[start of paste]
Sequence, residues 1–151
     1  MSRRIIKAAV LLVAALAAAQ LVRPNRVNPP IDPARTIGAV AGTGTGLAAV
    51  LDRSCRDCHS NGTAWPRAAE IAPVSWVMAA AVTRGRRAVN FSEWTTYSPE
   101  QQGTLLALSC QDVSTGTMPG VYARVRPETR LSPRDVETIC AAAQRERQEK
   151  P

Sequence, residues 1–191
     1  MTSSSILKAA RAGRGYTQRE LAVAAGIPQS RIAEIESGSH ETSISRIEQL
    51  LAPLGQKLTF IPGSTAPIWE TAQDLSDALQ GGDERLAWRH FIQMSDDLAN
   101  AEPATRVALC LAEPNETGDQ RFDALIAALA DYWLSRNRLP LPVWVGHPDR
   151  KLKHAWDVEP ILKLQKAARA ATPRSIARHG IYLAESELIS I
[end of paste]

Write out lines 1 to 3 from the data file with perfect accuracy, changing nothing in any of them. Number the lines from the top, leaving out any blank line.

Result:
Sequence, residues 1–151
     1  MSRRIIKAAV LLVAALAAAQ LVRPNRVNPP IDPARTIGAV AGTGTGLAAV
    51  LDRSCRDCHS NGTAWPRAAE IAPVSWVMAA AVTRGRRAVN FSEWTTYSPE